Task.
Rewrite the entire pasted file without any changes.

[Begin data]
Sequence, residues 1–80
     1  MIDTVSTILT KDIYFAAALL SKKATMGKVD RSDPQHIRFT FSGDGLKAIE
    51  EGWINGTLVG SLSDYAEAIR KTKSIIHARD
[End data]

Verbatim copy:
Sequence, residues 1–80
     1  MIDTVSTILT KDIYFAAALL SKKATMGKVD RSDPQHIRFT FSGDGLKAIE
    51  EGWINGTLVG SLSDYAEAIR KTKSIIHARD